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Budgeting – Fundamental tool to manage money

The two keys to money management are creating an effective budget that will reflect your day to day financial life and then having the discipline to follow the budget. There are five stages in the process:

First: Make a thorough list of all your necessary, customary and usual expenses of daily, weekly, monthly and annual living. This includes vacation expenses, child expenses, hobby and recreation expenses, gifts, charitable and religious donations, etc. Leave nothing out. But, exclude all savings and investment activities.

Second: Determine the amount of those expenses by their customary time periods, annualize them all, and total each time period.

Third: Add a variance factor of between 10-20%. This is to take care of any variations due to price increases, unusual weather experiences, accidents, unforeseen events, etc. The amount of the variance factor is a judgment you make based upon whether you run have historically operated your household and family expenses conservatively or loosely. This total is your initial budget that you should be able to easily live within.

Fourth: Your total budget for the year now needs to be compared to your sources of income adjusted for taxes, social security, and other reductions and adjustments. In situations where you pay for medical insurance and other similar services by payroll reductions then your budget may need to be adjusted to avoid a duplication of the expense. Where you receive reimbursement for auto and travel expenses adjustments may also have to be made to arrive at accurate amounts. Once these adjustments have been made and you have been able to arrive at your excess income over all expenses and allowances you can then compare the net with what amounts you have been setting aside for savings, retirement, etc.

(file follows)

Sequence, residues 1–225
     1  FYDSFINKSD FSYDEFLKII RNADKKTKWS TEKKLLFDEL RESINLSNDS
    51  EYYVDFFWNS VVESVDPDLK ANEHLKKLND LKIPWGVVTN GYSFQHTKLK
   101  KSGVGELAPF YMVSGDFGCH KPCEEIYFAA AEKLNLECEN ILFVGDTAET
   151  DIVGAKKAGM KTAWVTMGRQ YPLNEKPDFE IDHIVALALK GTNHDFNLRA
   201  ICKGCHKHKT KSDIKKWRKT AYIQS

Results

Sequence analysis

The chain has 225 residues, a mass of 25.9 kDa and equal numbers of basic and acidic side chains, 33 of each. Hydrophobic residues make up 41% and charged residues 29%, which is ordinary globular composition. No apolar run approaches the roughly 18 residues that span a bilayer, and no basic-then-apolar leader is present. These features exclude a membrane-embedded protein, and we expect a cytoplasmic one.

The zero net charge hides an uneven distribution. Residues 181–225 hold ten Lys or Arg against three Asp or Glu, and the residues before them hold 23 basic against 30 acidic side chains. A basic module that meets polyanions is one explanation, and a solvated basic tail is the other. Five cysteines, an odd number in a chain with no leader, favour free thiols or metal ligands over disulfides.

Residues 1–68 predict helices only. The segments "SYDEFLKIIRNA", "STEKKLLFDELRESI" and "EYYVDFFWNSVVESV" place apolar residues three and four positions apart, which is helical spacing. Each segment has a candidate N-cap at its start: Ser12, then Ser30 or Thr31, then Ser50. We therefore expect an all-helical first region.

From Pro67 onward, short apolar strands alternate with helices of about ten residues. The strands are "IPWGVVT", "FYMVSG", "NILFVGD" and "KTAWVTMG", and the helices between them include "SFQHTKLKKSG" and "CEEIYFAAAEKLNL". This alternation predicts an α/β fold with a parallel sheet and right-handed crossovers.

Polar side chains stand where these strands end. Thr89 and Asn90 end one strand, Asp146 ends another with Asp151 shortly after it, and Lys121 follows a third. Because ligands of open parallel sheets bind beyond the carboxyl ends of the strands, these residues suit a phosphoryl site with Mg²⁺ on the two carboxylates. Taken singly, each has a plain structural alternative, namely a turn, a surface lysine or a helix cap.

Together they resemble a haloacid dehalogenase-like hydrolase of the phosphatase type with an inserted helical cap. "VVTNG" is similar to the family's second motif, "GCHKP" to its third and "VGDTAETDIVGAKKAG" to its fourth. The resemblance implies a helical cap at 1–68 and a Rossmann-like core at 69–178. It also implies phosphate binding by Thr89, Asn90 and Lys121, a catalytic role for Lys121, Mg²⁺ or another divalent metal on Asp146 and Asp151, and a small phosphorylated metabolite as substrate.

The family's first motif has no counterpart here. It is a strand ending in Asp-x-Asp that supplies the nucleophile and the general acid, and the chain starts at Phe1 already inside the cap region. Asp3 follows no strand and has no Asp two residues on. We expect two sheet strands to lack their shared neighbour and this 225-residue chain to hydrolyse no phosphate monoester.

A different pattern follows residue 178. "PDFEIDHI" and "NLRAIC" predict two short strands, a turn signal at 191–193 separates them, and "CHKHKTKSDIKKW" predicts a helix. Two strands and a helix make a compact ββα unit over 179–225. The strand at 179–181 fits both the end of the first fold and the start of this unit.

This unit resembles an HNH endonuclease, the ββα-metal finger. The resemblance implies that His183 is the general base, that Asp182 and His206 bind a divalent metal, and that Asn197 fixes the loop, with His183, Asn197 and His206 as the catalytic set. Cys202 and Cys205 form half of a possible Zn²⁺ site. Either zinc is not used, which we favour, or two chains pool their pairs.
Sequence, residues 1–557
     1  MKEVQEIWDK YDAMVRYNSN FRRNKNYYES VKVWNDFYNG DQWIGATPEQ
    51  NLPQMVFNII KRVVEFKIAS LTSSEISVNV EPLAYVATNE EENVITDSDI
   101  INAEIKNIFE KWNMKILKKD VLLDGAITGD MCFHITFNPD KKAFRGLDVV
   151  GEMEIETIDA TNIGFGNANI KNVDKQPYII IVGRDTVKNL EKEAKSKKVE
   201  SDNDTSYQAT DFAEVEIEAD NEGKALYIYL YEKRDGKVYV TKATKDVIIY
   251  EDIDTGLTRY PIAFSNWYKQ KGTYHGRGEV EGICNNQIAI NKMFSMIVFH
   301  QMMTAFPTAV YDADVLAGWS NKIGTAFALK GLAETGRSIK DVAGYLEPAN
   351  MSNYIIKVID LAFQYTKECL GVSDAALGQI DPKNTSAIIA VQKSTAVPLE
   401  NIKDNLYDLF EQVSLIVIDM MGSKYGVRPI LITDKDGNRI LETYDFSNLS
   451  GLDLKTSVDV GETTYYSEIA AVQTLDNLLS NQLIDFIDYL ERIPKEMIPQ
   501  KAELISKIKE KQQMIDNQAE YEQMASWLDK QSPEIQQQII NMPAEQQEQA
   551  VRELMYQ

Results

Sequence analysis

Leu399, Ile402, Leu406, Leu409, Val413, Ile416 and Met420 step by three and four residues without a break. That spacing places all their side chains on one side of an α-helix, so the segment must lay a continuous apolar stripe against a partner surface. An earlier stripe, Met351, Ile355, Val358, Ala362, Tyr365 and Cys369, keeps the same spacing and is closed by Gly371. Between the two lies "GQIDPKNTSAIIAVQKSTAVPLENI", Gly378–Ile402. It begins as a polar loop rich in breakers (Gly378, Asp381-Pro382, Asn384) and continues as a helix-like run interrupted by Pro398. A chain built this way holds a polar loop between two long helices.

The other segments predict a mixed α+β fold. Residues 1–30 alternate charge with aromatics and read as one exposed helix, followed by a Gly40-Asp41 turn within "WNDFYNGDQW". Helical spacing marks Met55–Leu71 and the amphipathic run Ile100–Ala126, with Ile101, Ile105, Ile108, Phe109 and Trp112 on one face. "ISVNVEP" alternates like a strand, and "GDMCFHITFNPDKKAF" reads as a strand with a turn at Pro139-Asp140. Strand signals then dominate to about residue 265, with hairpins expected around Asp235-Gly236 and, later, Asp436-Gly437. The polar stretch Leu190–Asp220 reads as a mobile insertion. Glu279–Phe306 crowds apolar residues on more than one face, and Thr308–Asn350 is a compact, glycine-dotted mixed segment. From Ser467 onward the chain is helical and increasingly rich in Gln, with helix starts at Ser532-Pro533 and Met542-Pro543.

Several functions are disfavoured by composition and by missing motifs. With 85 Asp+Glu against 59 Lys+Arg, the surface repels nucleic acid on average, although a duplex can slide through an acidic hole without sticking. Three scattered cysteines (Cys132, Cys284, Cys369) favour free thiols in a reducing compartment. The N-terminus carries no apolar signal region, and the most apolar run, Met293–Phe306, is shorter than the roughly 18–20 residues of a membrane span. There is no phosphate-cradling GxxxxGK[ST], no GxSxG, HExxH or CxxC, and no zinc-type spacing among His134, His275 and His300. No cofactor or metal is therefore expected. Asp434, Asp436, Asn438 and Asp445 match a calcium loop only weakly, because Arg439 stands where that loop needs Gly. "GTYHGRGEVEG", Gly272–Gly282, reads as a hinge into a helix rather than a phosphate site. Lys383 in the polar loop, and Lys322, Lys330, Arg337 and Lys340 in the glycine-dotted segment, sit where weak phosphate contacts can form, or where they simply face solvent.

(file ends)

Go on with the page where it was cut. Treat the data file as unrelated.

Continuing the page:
Fifth: This involves carefully reviewing all your prior determinations of expenses and income to find items that perhaps could be eliminated, avoided or reduced by a change in personal or family habits or commitments. The goal is arrive at the sum you can save for investment or other purposes as long as there are no fundamental changes such as loss of job, securing a new job, substantial raise in income, etc.

Doing this today is far easier than before because of computers and their budgeting programs. Green Tree Planning does not recommend any particular brand or type of computer software. However, many clients have reported success with the Quicken family of products. There are others and often your accountant will have an important impact on your choice because of ease of transferring data for tax return preparation.